Mazeno… Mazanaj… Mazanac after striking Victor Bartley in front, but that wasn’t enough. The Leafs health bar was extended late as Nashville couldn’t find a way to score on the empty net, despite two odd-man rushes into the zone.
If anything sums up the Predators last two seasons, I think it was that.
WHY THE LEAFS LOST
Gus Katsaros had an interesting take:
Im hoping zone data confirms this but I find a lot of teams dumping it in vs Leafs. My hunch is due to their low-zone collapse in the d-zone
— Gus Katsaros (@KatsHockey) November 22, 2013
I thought this was most noticeable on the Predators third goal, that came on the powerplay, where the Predators set up in the zone after first being stymied twice on carry-ins. The Leafs bring their defencemen forward a bit, which means that one man is going to be overmatched trying to enter the zone with control, but it means the defencemen have more ground to cover if they want to recover a dump-in attempt.
This is just anecdotal but it’s seemed through much of the season that Toronto has been worse at recovering dump-in attempts than their opponents. I haven’t tallied up the numbers from my zone entry project yet, but it wouldn’t surprise me if the data bore that out. I can tell you that Thursday night at even strength, the Predators successfully recovered 17-of-37 dump-in attempts (46%) while the Leafs only recovered 16-of-42 (38%). I think the less time the Leafs system permits the defencemen to recover the puck could also explain some of the problems with their breakout as well.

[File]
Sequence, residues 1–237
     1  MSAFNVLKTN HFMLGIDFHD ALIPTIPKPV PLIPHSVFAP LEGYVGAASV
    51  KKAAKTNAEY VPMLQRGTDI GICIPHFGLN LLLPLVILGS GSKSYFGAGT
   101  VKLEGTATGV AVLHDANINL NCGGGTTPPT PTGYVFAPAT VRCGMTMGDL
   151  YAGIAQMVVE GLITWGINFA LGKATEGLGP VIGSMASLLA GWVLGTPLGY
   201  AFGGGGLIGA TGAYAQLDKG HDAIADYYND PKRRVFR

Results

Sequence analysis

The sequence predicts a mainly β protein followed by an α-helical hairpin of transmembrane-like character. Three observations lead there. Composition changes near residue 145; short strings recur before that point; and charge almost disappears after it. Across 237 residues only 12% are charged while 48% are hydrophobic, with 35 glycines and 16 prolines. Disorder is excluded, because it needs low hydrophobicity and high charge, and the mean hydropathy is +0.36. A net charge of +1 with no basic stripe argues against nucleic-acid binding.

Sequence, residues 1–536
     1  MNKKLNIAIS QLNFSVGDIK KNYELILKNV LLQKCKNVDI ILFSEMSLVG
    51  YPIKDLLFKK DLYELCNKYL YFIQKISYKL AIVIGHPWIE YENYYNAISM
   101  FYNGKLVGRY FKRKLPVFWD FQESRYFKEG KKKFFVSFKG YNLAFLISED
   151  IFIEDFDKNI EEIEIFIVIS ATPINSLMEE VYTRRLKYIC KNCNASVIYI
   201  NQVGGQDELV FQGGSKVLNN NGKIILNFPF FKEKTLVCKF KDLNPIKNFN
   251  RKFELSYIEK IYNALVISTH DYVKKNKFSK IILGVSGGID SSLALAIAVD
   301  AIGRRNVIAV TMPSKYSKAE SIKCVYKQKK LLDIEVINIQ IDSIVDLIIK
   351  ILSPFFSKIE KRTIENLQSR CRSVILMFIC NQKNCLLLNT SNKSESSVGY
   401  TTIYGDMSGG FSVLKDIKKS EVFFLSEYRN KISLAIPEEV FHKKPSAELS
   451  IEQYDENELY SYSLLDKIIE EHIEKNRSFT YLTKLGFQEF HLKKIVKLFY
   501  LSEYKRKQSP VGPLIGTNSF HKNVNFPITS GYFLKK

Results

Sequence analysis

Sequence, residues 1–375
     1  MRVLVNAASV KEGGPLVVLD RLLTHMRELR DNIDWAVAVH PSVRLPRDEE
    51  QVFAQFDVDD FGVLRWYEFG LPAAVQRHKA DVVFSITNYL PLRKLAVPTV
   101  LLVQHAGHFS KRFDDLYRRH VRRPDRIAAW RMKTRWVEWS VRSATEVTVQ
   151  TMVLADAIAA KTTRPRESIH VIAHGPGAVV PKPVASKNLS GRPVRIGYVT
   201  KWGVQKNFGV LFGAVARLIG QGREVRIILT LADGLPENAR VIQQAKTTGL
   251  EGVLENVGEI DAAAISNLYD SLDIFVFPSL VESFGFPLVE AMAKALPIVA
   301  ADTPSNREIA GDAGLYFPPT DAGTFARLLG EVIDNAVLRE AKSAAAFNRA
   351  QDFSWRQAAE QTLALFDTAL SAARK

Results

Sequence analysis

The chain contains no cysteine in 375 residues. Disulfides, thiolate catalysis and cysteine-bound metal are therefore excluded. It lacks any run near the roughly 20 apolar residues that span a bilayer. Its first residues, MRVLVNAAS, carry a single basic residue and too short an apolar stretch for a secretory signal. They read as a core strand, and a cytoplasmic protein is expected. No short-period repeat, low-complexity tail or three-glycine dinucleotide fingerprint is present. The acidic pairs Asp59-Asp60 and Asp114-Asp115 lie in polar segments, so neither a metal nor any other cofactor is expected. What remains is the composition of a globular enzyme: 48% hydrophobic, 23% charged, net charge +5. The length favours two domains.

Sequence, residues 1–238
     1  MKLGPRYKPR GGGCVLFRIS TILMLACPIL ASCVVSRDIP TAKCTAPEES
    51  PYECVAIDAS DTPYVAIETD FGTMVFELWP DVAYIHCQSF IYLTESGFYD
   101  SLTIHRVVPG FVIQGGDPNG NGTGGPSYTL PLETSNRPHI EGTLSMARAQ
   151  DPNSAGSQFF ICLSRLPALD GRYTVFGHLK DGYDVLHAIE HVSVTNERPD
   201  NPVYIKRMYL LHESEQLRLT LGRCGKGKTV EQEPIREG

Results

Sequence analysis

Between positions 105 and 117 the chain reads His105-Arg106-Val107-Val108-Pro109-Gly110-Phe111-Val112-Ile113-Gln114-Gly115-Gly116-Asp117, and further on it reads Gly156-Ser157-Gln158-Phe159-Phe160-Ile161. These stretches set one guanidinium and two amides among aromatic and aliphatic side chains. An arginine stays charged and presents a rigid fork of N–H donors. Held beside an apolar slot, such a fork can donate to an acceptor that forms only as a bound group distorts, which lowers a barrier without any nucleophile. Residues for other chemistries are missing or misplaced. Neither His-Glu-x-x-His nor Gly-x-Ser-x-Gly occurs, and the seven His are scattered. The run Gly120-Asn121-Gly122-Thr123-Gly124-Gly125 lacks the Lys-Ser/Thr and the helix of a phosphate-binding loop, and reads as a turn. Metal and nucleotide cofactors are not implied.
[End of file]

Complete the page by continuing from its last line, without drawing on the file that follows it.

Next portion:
It’s tough to say. I liked Peter Holland’s game, but he only generated one shot on goal (that went in) while his linemates Mason Raymond and Nik Kulemin combined for just five. I don’t think any player had a particularly solid night, but I’ve really liked what Holland has showed so far in his brief time so far with the Leafs. So far he’s looked pretty good on a couple of lines, has done a great job in the neutral zone (three controlled carry-ins tonight. Not the best on the Leafs, but…) and I think is very good defensively. We’ll see what those shots and shots against numbers look like after five or six more games.
- Anybody catch the Nashville change at the start of the third period? They kept re-gaining the puck, but would be passing to players either exiting the bench or trying to hop on the bench. They narrowly avoided three separate too-many-men infractions, yet the Leafs couldn’t capitalize.
- As mentioned, that was Matt Cullen’s first four-point night since 2002. However, he now has six points in his last three games.
- James Mirtle mentioned during the game that the Leafs’ penalty kill was back down to league average. Seven shots against in 5:42 of 4-on-5 time does not lead to sustainable PK success. I’ve been mentioning it for a while now that the Leafs have been giving up just too many shots on penalty kills and the goalies are no longer bailing them out.
- Just 15:27 for Phil Kessel, his lowest ice-time in a loss since March 13 (when the Leafs were thumped 8-0 by Boston. When the game is on the line, Kessel rarely plays this little). Is it his wrist? Is it the flu?